Never Be Wobbly

I spent at least 9 hours today thinking about squishing baloon-shaped surfaces into other shapes. This is what a PhD program in math is doing to me.[1]

Having learning as a full-time job is really, really delicious. But tonight when I stopped mathing and engaged the edublogosphere it felt like a relief to read about classrooms, populated by humans. (To my fellow humans: I love the differentiable manifolds but I love you more.) Thanks Jesse Johnson, Dan Goldner, and Kate No Wackness[2] for your continuing dedication to learning (your kids’, yours and ours).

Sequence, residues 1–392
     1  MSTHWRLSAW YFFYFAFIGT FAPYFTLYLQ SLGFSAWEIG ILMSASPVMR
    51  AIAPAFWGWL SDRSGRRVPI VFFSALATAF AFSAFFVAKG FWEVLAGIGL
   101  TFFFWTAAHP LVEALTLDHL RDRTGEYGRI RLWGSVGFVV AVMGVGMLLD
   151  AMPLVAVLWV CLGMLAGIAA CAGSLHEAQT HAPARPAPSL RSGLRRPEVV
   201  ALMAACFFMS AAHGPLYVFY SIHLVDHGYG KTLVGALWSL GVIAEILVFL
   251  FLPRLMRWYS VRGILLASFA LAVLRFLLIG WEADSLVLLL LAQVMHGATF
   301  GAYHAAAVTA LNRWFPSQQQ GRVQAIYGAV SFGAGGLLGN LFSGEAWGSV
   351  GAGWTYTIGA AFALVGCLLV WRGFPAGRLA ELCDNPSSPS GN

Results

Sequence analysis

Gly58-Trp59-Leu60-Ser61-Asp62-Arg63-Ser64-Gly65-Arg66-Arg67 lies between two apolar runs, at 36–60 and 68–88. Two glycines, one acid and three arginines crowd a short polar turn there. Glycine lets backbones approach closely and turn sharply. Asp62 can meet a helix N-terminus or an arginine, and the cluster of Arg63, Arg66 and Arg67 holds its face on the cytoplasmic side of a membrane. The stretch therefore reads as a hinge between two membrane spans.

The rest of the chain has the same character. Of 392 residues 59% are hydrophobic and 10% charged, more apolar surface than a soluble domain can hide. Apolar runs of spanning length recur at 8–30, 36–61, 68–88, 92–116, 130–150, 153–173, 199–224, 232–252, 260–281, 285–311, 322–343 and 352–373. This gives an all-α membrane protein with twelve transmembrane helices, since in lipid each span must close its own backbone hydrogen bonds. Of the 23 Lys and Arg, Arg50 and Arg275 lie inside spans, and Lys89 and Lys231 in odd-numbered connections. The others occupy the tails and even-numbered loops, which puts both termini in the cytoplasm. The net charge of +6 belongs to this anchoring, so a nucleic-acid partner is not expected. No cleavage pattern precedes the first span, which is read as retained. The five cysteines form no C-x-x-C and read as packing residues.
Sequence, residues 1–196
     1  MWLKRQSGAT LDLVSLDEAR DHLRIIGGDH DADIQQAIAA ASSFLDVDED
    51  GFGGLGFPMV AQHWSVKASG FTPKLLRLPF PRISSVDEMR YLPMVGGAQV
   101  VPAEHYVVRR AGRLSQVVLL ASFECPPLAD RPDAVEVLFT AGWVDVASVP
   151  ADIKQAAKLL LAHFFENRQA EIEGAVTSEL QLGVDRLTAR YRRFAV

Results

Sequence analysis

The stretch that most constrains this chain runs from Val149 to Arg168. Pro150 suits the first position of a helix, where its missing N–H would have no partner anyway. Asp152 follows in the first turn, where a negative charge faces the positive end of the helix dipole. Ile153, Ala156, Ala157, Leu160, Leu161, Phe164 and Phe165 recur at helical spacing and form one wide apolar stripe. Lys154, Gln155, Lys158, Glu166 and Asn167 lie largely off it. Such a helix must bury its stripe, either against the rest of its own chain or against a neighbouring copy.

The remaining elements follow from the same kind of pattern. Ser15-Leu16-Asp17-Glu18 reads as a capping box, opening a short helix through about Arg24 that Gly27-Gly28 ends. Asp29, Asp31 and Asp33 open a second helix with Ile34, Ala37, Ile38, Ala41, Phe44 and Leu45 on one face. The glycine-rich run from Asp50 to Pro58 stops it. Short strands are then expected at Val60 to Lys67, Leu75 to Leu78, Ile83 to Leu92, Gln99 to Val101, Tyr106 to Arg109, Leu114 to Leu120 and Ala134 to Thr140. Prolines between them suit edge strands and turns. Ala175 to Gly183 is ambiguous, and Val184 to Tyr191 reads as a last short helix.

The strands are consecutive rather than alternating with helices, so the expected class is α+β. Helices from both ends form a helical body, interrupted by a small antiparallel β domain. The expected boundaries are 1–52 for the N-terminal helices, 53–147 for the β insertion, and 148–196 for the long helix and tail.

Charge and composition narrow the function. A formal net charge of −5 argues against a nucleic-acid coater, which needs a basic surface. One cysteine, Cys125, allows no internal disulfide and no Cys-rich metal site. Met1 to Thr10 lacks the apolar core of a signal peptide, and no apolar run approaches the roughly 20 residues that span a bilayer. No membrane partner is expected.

Holy Crap, a Three-Legged Table Can Never Be Wobbly.

This is my favorite thing ever.

[1]The particular thought that was driving me crazy at least from 7pm to 10pm, not that you care, was: if f:X \rightarrow Y is any surjective continuous function between topological spaces that maps open sets to open sets, then I can prove that the inverse image of a compact set is compact. I studied a converse if X and Y happen to be smooth manifolds and f happens to be an injective immersion. But these are very very strong assumptions. How much can they be weakened?

[2]Kate, this is A’s name for you. (An homage to your no bullsh*t approach.)